We listen to a ton of music of all genres in our home. I’m proud to say my 6-year-old, who enjoys Yo-Yo Ma, can identify Johann Sebastian Bach’s Suite No. 1 in G Major for Solo Cello, BWV 1007, as quickly as she can The Ramone’s “Pet Sematery,” the latter of which she just recently quit referring to as “Don’t Put Me in the Berry.”
Over the past month leading up to Halloween, we had been playing several “dark classics,” including, among other pieces, Richard Wagner’s “Ride of the Valkyries,” and especially the goose bump-inducing Bach masterpiece Toccata and Fugue in D Minor.
Therefore, I tapped into the wonders of world-connecting Internet, as well as my insatiable journey for all things educational, and spiraled myself into a corner of frustration, as I tried to access the video content of BBC’s young people’s programming branch, CBBC’s, classical music film and outreach program for secondary schools, Ten Pieces II.
I had forgotten they were working on this until I ran across a Vimeo clip of one of my favorite actors, Christopher Eccleston, introducing “Ride of the Valkyries” for this project. It looked, for lack of a better phrase, absolutely fantastic. The production value was outstanding, and I couldn’t wait to see and share this entire film.
There are other cool aspects of the Ten Pieces II film, CBBC’s secondary level answer to last year’s successful Ten Pieces program and film for primary students. This included introductions by stand-up comic Vikki Stone and rapper Doc Brown, performance poetry with poet, musician, and educator, Chris Redmond, and a “Ten Pieces Megamix” presented by DMC World DJ Champion Mr Switch. The purpose of both these films is to introduce new generations to some of the world’s most celebrated classical pieces, as well as for use in a school curriculum.
However, the icing on the cake for me was with the opening piece, in which my personal creative muse, presenter James May, introduces, you guessed it, Bach’s Toccata and Fugue in D Minor, BWV 565.
Quick lesson for those who don’t know: “BWV” refers to the cataloging system of Bach’s work, or “Bach-Werke-Verzeichnis” in German. But, I digress.
I couldn’t wait to share these with my kids, as well as view them myself. Also, having both May and Eccleston introducing these pieces gave me reason to believe somebody out there created this program specifically for me (for use as an educational tool, of course).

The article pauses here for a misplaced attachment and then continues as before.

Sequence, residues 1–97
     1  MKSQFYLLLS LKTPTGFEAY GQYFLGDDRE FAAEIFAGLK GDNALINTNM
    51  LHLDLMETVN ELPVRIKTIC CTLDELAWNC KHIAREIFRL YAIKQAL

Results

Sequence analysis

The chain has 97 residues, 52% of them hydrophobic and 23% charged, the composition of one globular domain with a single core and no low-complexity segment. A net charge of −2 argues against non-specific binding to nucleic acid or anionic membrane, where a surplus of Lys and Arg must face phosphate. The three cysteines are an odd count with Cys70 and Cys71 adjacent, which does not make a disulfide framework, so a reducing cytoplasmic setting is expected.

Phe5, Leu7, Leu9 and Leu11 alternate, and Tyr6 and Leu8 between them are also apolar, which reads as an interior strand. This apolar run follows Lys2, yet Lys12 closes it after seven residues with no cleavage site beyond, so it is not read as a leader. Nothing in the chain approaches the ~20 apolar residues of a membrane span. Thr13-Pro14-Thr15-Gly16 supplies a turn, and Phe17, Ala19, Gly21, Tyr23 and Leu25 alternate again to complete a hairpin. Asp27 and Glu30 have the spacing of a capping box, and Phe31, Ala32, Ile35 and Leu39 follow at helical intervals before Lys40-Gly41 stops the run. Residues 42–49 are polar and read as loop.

Plus, CBBC offered a free DVD to secondary teachers, something my husband would have loved to apply for and use in his high school world history and geography classes, as he often discusses the artistic contributions of different eras and cultures.
Then, I saw that dreaded phrase: “Available for UK schools only.”
Of course, *sigh* of course.
Oooh, but they have the “chapterized clips” online, so we can just pull these up and watch them as we need them….or not:
“Sorry, CBBC games and videos can only be played if you’re in the UK,” so says the site.
Aaand, there you go. That location-limited practice sometimes called geo-blocking. This isn’t done out of spite, but rather, often to keep the licensing budget under control. Even so, it still feels like being left out of the “cool music kids” club.
Once again, I get to witness a resource with tremendous teaching and entertainment potential from another country, and am stymied by that little reminder social media hasn’t actually physically shortened the miles between the continents.
Now, obviously, I realize there’s a little bit of a geographic gap between North America and Europe, and it isn’t practical to supply American schools with free DVDs. Shipping cost alone is impractical. I am also aware licensing fees are a pain in the backside, when it comes to making video content accessible overseas. I completely understand this, but I don’t have to be happy about it.
The representative I contacted about this from the BBC Ten Pieces team was very helpful. She told me there is an ambition to make this film, which is funded by U.K. license payers, available internationally, but this likely won’t be a quick process. Fair enough.